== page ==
This particular test lasted a few hours in the wee hours today (October 29) but features several elements that having been popping up in Google’s tests recently.

It included a new look for the “7-pack” Google Places results…

New Google Places 7-pack: larger & with gray map pins

…and for the “blended” local results:

New "blended" local search results layout

Most notably, it’s the second short test of the new map layout that I reported on recently, and it contains the gray map markers that Jo from LollipopLocal and Nyagoslav from NGS Marketing noticed (mainly in Europe) last week.

I didn’t notice any reshuffling of the rankings, nor anything to indicate an algorithm change; the test layout is pretty much just a facelift.

Or…is it just a Botox injection into the ever-changing face of Google Places?  Both new layouts are far less colorful—no red map markers or photos—even though they hog more above-the-fold space than before.

Google has now tested both the different map layout and the gray map pins twice in the span of a couple weeks.  My guess is that in the very near future Google will stop messing around and will actually roll out a new Google Places layout.

Test: New Google Places One-Box Layout and Map Size

Update:  It appears that this was only a test by Google (at least for now!).

Today Google rolled tested out a new local “one-box” layout for Google Places:

What’s changed being tested?  Simply that the one-box is now to the RIGHT of the organic search results area (rather than mixed in with them), and that the good-to-know basics like hours and “descriptive snippets” are right there in the one-box—visible on the first page of Google, whereas you used to have to visit the Places page to see them.

(By the way, I think we now may soon have a good name for the “descriptive/descriptor snippets”: Google now refers to them as the “At a glance” section.)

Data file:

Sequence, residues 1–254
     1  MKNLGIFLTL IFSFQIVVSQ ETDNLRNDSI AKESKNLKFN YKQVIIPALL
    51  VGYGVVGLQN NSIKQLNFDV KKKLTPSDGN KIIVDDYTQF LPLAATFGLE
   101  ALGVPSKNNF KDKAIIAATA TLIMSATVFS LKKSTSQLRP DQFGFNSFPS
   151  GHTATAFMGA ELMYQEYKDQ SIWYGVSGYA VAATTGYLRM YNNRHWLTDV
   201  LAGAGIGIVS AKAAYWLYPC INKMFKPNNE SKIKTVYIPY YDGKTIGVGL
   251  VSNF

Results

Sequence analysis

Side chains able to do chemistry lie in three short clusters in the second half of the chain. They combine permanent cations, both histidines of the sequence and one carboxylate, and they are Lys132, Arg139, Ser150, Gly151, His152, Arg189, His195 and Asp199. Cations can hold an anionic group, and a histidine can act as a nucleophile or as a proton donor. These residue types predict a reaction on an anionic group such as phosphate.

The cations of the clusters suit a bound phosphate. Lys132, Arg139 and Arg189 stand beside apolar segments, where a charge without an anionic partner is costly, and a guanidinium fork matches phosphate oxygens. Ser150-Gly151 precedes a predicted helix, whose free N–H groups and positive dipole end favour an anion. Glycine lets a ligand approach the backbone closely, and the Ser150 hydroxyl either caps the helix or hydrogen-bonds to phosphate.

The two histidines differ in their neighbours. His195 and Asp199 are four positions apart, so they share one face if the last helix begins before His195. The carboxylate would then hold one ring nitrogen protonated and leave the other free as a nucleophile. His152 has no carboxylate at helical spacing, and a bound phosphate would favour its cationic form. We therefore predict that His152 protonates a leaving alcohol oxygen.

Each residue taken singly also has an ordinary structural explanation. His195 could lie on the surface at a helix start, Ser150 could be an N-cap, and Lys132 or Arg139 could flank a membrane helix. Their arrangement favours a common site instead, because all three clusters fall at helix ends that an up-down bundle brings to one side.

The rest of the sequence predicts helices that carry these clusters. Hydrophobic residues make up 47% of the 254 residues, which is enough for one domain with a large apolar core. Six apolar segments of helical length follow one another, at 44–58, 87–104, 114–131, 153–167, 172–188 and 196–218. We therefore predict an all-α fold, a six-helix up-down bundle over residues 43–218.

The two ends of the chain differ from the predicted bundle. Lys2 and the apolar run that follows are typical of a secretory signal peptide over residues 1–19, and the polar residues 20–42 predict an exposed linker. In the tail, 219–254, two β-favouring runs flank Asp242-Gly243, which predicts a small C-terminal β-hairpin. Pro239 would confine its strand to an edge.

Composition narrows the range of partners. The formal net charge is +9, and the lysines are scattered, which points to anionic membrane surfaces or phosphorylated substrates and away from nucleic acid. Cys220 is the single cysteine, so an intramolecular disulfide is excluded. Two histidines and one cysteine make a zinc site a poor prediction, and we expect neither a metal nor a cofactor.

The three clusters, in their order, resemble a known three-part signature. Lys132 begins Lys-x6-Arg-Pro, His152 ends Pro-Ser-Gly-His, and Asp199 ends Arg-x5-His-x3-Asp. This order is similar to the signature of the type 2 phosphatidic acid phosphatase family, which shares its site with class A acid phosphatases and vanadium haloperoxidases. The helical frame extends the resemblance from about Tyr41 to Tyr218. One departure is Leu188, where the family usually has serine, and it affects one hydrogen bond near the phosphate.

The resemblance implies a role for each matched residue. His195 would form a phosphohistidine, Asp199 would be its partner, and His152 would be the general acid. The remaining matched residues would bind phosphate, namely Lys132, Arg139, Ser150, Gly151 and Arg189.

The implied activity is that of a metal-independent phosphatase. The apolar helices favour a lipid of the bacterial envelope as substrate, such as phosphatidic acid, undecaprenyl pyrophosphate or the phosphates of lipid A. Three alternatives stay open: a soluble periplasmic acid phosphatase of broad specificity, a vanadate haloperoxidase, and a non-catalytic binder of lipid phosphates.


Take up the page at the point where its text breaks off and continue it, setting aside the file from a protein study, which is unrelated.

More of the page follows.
The new one-box also pops up when you wouldn’t think it would—like if you were looking up Blues greats the way I was when I first saw this change after having simply typed “Howlin’ Wolf” into Google.

The main improvement of this layout change test seems to be that it’s a space-saver.  Instead of having the business, photos, etc. featured in the middle of the page with the local map off to the right.  The effect is that the organic search results that used to sit below the local one-box (and possibly below the fold) have shifted up.

Also, because Google only shows the one-box when it assumes you’re searching locally for one specific business, this change makes it that much quicker for customers to get the info they want on that specific business: it’s on the first page, rather than accessible only by clicking on the Place page.  Maybe Google realized that sometimes people click on a business’s website when they actually wanted to visit its Places page; this makes them have less occasion to click on the Places page in the first place.

This is minor, but this one-box also gives the mention of a business’s third-party reviews more prominence.  The third-party sites that a business is reviewed on now occupy pretty visible territory, right there at the bottom of the new one-box (and above the Adwords ads).

In other news, the map has changed even when you see the Google Places 7-pack.  Rather than being a skinny upright rectangle, the map is now bigger and oriented landscape:

I think what Google accomplishes with this change test is now the map is just more visible and readable.  It’s now big enough to see a little more detail about specifically where the businesses are located.  So it increases usability a little (if you’re gonna have a map, have it be big enough to be helpful).

The other thing is that the map is wider, which means the organic search results (for local queries) have to fit into a narrower area, which means they’re all pushed down the page just a little bit.

One pattern we’re seeing here—with both of these changes tests—is that if Google perceives “local intent” of the user, it will make the local results WAY more prominent than the organic ones.  In other words, if Google thinks you’re searching locally, by golly you’re going to see some local results, all right.

What do you think the significance of these changes this test is?